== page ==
The next to last piece was the Dance of the Hours, and yet another one that left me quite bored. Using some of the most ungraceful members of the animal kingdom (ostriches, elephants, hippos) and throwing them into some very graceful situations and having them dance it out, as they represent different times in a single day. Didn't really do anything for me and like I said, left me feeling quite bored and ready to get to the finale of this film.

The final piece was Night on Bald Mountain/Ave Marie, which had the most eerie feel to it, as we dealt with gargoyles, devils and demons and very intense music and even more intense colors. I neither liked, nor disliked this piece and was quite captivated when the flames of fire transformed into three tiny dancers. The menacing and gigantic gargoyle was a bit of a sight, but by the time this piece was shown, I was honestly ready to send this movie home and finish it off already. Two hours for a Disney movie was a bit much for my twenty-five year old self to endure, and while some of the pieces were quite spectacular, as a whole the movie just seemed to drag a bit, during the segments that weren't as exciting.

RATING: 5/10 We'll go ahead and call it right down the middle, as I enjoyed just as much as I didn't enjoy.

NEXT UP: The Philadelphia Story...Grant, Stewart and Hepburn...Sounds interesting and fun, however I've seen it before and don't remember being that impressed...We'll see if time can change that.

June 26, 2010 2:00pm

Friday, June 25, 2010

133. REBECCA (1940)

Running Time: 130 minutes
Directed By: Alfred Hitchcock
Written By: Philip MacDonald, from novel by Daphne Du Maurier
Main Cast: Laurence Olivier, Joan Fontaine, Judith Anderson, George Sanders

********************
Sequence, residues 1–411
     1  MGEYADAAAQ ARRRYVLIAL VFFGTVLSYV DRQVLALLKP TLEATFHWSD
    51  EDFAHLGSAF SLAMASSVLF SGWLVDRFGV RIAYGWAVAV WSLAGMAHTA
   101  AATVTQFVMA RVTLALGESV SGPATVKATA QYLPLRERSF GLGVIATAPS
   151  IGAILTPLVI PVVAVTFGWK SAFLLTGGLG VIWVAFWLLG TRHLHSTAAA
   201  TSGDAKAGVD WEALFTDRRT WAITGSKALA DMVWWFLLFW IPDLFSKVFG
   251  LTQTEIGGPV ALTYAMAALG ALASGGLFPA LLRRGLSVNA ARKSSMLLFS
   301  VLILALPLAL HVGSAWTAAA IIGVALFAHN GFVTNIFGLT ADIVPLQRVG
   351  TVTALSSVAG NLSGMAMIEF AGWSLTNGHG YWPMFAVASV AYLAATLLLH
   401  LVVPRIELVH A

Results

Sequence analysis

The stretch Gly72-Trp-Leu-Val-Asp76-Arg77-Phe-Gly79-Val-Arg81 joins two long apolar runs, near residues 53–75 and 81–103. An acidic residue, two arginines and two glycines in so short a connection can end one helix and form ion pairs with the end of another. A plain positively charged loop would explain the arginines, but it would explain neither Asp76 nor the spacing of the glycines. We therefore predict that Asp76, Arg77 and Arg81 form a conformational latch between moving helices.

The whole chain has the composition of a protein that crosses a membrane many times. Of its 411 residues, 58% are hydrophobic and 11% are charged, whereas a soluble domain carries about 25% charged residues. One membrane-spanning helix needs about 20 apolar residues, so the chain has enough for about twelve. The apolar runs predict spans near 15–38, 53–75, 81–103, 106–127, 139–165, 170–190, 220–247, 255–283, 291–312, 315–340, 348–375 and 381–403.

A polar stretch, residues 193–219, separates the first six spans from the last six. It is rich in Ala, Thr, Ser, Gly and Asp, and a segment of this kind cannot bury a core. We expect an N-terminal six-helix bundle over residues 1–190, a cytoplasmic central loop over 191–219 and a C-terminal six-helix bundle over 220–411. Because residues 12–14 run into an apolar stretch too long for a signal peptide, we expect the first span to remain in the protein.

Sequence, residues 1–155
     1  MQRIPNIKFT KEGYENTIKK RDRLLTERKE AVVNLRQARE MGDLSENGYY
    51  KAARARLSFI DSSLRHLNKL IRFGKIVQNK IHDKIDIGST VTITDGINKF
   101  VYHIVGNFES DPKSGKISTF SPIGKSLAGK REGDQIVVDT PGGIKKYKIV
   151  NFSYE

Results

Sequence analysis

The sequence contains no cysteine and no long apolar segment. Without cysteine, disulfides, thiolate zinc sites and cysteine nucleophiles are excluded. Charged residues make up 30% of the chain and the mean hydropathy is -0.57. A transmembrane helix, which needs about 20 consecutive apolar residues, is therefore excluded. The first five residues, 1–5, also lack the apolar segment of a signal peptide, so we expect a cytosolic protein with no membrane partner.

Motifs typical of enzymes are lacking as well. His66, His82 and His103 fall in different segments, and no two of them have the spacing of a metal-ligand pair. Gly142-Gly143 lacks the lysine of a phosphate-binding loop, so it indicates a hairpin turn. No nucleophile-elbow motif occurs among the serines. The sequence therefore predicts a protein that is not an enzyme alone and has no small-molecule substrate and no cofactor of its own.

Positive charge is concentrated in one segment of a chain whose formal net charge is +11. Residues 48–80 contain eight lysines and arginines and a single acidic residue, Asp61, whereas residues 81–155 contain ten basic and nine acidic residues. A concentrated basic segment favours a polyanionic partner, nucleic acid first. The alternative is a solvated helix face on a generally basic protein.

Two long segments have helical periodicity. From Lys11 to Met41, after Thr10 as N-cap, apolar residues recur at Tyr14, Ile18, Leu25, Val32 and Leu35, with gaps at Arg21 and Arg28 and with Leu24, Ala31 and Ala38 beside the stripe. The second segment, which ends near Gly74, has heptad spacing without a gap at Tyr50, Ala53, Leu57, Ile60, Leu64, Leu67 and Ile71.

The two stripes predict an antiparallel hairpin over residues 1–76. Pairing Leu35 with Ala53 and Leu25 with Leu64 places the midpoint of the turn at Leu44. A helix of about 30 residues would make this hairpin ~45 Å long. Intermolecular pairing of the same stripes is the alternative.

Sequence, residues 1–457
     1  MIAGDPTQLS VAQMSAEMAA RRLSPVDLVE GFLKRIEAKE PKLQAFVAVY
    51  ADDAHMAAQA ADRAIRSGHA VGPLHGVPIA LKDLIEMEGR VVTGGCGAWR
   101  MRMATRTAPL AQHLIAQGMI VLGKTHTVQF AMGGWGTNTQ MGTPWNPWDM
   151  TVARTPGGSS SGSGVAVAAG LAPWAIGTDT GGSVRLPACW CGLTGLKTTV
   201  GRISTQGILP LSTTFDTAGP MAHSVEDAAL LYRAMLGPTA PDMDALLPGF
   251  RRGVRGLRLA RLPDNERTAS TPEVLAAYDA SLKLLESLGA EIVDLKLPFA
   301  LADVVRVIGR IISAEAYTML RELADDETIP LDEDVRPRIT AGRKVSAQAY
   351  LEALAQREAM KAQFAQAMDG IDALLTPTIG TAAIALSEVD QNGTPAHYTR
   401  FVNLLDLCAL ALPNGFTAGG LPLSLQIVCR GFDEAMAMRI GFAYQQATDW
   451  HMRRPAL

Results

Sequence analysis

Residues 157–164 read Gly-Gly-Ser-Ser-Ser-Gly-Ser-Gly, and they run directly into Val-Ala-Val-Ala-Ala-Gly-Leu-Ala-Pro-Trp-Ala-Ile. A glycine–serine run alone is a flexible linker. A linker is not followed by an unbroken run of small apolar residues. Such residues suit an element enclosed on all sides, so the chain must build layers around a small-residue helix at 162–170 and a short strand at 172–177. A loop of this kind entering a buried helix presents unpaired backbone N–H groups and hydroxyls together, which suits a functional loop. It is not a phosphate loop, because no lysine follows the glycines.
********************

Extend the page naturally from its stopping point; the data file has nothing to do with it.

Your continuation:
With a grand total of eighteen movies in the "1001" book, Hitchcock chimes in with his fourth, with his adaptation of the Daphne Du Maurier novel, "Rebecca" and also his first American film. Rebecca was also the always lauded director's first and only movie to win the Best Picture Oscar at the Academy Awards. While it's certainly not my favorite Hitchcock flick, it's certainly a good one and one that really keeps you entertained right up to the end.

The beautiful Joan Fontaine plays a young woman (who is never named) who meets a wealthy, sophisticated man, Maxim de Winter, while vacationing with her employer in Monte Carlo. Through the weeks that they're in Monte Carlo, they meet up everyday, as the young woman tells her employer day after day that she's going out for a tennis lesson, only to go and continuously meet Mr. de Winter. It is quickly revealed that Mr. de Winter has recently lost his wife, Mrs. Rebecca de Winter, and the loss is painted thick on the face of Mr. de Winter, as it is obviously still something he thinks about often. It seems, however, that the young girl is keeping his mind off of his recent loss and when the young girl's employer decides to head to New York, Mr. de Winter makes a quick and hasty proposal to the young girl and asks for her hand in marriage. The young girl accepts and soon becomes the second Mrs. de Winter.